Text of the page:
I am an attorney practicing in the Chicagoland area.  Other than in my first year of practice, I have always practiced in my own firm, so I have never had the occasion to experience workplace discrimination from co-workers and/or employers.

I read a discussion started by Mark Maraz in which several people related the stories of their workplace experiences, and I was shocked.  Having employed people of several different religions, it turns my stomach to think that any employer would tolerate or condone such divisive behavior.

Does anyone have similar experiences that they want to share?  I am very interested to hear what working life in America is like (outside of my office, that is).

Tags: boss, co-worker, discrimination, workplace

Views: 200

Replies to This Discussion

Well, I can only speak for my little corner of corporate America, but here goes.

I worked for 3 years for a rather large (about 1,000 employees.....large for Mississippi standards) in Jackson, Mississippi. Most employees were obviously fundamentalist christian and knew full well of my atheism, but accepted me for what I am. The rank and file were quite accepting of my lack of belief. Granted, they were curious and asked me alot about how I became an athiest, almost like they had never seen a "real" atheist before, but there was never any animosity. I never felt uncomfortable explaining to them what I believed or didn't believe.

Management, however, was a different story. The HR department had an "Employee Relations Manager" whose job description was to monitor employee morale, look for ways to improve the work-life experience, and increase employee retention. I didn't find this too odd, as a lot of companies work hard to retain talent. The reality was much different. This person was an ordained baptist minister whose attempts at improving employee morale was nothing more than poorly disguised evangelism.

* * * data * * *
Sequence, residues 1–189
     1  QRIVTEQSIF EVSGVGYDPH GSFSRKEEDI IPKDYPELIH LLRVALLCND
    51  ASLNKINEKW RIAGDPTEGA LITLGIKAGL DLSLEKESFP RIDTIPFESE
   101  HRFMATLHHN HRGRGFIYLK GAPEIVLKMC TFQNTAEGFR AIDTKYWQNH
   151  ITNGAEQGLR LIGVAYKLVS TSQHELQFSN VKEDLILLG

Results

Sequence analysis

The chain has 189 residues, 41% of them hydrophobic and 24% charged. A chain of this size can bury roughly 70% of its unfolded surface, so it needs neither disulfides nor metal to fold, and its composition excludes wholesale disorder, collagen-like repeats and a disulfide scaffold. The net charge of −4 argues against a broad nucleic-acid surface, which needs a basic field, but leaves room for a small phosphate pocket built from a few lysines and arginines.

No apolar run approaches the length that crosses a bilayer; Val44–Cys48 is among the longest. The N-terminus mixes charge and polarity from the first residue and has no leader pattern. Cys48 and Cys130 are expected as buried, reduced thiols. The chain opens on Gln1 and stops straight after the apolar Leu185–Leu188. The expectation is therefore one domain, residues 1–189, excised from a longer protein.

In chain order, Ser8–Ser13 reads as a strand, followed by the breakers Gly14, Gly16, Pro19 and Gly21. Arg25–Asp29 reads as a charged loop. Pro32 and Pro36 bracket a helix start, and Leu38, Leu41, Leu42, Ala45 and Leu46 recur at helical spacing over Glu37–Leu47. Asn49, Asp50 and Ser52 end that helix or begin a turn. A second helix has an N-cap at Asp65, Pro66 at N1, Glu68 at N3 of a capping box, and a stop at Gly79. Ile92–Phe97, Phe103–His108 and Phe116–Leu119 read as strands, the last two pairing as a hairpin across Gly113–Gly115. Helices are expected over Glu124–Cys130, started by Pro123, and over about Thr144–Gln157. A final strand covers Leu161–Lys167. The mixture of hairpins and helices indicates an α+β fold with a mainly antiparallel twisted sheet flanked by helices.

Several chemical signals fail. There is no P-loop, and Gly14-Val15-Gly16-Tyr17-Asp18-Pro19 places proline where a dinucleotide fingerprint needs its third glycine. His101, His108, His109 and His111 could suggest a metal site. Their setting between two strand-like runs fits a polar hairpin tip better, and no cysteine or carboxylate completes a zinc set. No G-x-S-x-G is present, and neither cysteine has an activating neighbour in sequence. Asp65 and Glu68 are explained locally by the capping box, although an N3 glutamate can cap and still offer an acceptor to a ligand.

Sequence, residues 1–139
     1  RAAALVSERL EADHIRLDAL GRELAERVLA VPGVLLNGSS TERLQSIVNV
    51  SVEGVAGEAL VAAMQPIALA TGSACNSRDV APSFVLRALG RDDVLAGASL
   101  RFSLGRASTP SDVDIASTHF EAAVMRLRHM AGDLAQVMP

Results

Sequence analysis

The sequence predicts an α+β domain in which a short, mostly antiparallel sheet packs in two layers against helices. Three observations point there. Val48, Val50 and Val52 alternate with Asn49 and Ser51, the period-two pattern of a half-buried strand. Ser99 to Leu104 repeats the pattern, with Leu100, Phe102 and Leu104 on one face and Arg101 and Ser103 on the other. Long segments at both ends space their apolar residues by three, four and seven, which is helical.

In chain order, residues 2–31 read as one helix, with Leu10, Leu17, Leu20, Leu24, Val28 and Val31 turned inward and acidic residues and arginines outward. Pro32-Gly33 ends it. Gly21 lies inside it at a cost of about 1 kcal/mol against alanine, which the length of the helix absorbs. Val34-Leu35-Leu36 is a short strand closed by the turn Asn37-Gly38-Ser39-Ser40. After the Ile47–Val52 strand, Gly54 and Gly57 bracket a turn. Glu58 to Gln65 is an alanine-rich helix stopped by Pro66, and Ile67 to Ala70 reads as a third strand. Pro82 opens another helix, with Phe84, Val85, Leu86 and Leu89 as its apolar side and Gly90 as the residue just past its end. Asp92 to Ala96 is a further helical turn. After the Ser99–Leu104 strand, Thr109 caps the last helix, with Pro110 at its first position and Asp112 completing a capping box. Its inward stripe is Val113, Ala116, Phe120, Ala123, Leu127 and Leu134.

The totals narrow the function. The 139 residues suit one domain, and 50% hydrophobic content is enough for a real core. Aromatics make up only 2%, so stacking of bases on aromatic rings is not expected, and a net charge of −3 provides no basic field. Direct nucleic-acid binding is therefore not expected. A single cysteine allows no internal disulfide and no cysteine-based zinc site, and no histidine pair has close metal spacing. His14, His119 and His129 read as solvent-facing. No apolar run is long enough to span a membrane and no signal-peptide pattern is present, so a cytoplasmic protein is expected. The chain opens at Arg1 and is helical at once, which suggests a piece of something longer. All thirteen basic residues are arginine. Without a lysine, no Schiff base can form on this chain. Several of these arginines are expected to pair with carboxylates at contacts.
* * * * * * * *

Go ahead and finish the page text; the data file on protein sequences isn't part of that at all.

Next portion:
He sponsored weekly bible studies in the corporate headquarters. Most corporate events, such as christmas parties, recruiting events, always included prayer. He coached the company softball team and insisted on prayer with the opposing team at home plate following the game. I didn't complain, but simply refused to participate in the religious events and went about my business.

Soon, I began to get frequent visits from him at my office. First he would ask innocent questions like "How's the family?" or "How was your move to the area?" (I had moved in from out of state) then graduate to "Have you found a christian home here?" (meaning a church) or "How is your relationship with jesus christ?" Obviously, his intent wasn't to improve employee morale, but to evangelize his faith.

Oddly enough, I never found it offensive or divisive (maybe a little annoying at times when I'm trying to get some work done). Yes, I was in the minority in being the only atheist, but just like we expect christians and the like to accept our non belief, I accept their belief as well. In fact, I welcomed the opportunity to engage in the debate. "No, I haven't accepted jesus christ as my personal savior," I'd ask, "Why should I?" He'd start his pitch for his faith, which I countered with reasoned arguments. He quite often left with no answer to his own questions. Had I stayed with the company, I'm convinced I would have convinced him to become an atheist as well.